We drove into the park and sure enough the white dunes of sand glistened like snow.  We passed ten or eleven other vehicles and saw families and teens enjoying sliding down the hills of sand.  We found a secluded inlet and parked near a picnic table.  There was an abandoned sliding disk near it.  It had a crack but Joy figured she'd give it a try.  We waxed the little saucers, thanks to our friends Mary and Fay who gave us wax after their trip to the park previously.  We climbed the hill with our disks and Frances. Kathy went first with Frances in her lap and slid down.  I followed. The yellow saucer's crack was troublesome as it caught the sand and stopped forward momentum.  We had to go back and share the blue disk.  A few more climbs and slides and we were nearly exhausted.  We had forgotten how much exercise you get sledding - you know, what comes down must first go up!

We sat at the picnic table for a few minutes and watched a young family who parked near us.  Their young children squealed with delight!  Although our trip was short we had a long drive back.  Our friends who had made it a day trip had more modern cars then our four cylinder Jeep and could cover more roadway faster than we can.  

On our way back to the refuge, we stopped at a local rock vendor who sells the only known samples of Trinitite.   He obtained them from a man who literally went out to the Trinity site a few weeks after the testing until they closed the area.  The man picked up pieces of rock and sand that had melted and fused together with other materials in the area of the blast. He named these chunks Trinitite after the site.  He later died of cancer from his repeated exposure.  The store is located just over a hill from the Trinity Site and we wondered how much radiation still remained in the area.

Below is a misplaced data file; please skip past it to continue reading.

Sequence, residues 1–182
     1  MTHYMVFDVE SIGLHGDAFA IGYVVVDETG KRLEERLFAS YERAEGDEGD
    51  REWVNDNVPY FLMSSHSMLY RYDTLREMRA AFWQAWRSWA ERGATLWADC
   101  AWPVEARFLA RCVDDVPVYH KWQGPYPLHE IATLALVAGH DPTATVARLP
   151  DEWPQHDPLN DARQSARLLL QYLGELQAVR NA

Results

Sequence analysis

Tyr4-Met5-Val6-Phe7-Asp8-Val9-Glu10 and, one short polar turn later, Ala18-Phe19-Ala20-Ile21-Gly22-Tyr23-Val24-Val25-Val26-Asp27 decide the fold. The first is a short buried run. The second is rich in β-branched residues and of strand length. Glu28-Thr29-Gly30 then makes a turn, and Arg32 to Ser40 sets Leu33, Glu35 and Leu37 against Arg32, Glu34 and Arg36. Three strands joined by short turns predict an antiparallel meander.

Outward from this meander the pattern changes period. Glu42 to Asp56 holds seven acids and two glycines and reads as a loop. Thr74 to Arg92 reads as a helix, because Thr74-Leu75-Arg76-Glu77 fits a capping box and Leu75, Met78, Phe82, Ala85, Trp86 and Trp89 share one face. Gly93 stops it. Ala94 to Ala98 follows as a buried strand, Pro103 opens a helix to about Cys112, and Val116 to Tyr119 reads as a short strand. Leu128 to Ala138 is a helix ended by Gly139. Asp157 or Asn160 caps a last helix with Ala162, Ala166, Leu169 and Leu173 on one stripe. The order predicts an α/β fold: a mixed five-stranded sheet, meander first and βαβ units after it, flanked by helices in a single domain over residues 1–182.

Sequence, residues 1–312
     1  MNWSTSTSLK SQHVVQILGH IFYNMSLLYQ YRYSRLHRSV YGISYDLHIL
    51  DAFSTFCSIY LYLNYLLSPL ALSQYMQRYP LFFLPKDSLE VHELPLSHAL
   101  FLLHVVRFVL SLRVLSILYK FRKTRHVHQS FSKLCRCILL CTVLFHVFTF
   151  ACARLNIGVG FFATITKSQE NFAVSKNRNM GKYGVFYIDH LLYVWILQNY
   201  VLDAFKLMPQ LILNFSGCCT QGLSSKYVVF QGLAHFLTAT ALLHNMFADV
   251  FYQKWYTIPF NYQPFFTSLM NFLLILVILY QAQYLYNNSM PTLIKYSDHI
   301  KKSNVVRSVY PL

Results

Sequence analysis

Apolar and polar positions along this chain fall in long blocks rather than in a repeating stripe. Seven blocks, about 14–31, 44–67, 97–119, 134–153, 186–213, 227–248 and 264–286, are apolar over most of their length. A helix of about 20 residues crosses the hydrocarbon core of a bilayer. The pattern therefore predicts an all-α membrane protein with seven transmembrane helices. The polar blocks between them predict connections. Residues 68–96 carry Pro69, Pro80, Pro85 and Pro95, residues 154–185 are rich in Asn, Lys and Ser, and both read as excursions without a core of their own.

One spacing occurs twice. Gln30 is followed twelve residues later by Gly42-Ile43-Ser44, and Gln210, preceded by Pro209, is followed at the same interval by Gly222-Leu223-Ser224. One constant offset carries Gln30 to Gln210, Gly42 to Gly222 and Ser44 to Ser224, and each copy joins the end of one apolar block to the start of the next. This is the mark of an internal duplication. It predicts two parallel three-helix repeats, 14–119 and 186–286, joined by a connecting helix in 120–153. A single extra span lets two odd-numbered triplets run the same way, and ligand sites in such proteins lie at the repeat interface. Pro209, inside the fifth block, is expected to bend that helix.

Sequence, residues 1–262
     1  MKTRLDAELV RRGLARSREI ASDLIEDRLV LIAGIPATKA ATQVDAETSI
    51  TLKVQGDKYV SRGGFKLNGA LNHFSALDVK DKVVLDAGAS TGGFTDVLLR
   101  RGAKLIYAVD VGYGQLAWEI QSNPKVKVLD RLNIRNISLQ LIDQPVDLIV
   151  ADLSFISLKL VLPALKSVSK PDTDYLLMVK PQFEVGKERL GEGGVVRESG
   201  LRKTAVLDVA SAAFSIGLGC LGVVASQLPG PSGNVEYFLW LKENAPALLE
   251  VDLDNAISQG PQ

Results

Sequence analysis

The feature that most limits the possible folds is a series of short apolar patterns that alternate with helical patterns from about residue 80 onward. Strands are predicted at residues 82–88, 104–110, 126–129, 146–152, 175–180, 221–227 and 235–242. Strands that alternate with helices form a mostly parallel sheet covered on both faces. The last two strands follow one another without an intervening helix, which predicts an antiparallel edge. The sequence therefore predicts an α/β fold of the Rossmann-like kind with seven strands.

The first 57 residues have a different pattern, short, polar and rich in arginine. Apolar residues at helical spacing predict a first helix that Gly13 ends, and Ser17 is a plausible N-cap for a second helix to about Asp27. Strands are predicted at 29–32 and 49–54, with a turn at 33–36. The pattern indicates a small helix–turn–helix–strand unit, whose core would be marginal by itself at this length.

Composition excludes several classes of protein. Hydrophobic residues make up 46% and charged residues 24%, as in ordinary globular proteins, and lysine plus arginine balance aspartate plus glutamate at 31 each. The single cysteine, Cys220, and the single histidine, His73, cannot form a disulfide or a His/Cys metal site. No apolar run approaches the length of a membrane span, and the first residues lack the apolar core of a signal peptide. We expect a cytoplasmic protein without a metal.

The store had all kinds of geological samples including fossils.  I did not purchase a piece of Trinitite as it was priced higher than gold per ounce but I got to see and touch it. So far - no indications of radiation exposure. Ha ha 

As we drove home we stopped to watch a spectacular blood moon rise over the lava beds of Valley of Fire.  The desert I all her glory is such a wondrous sight and so far we were really enjoying living in it.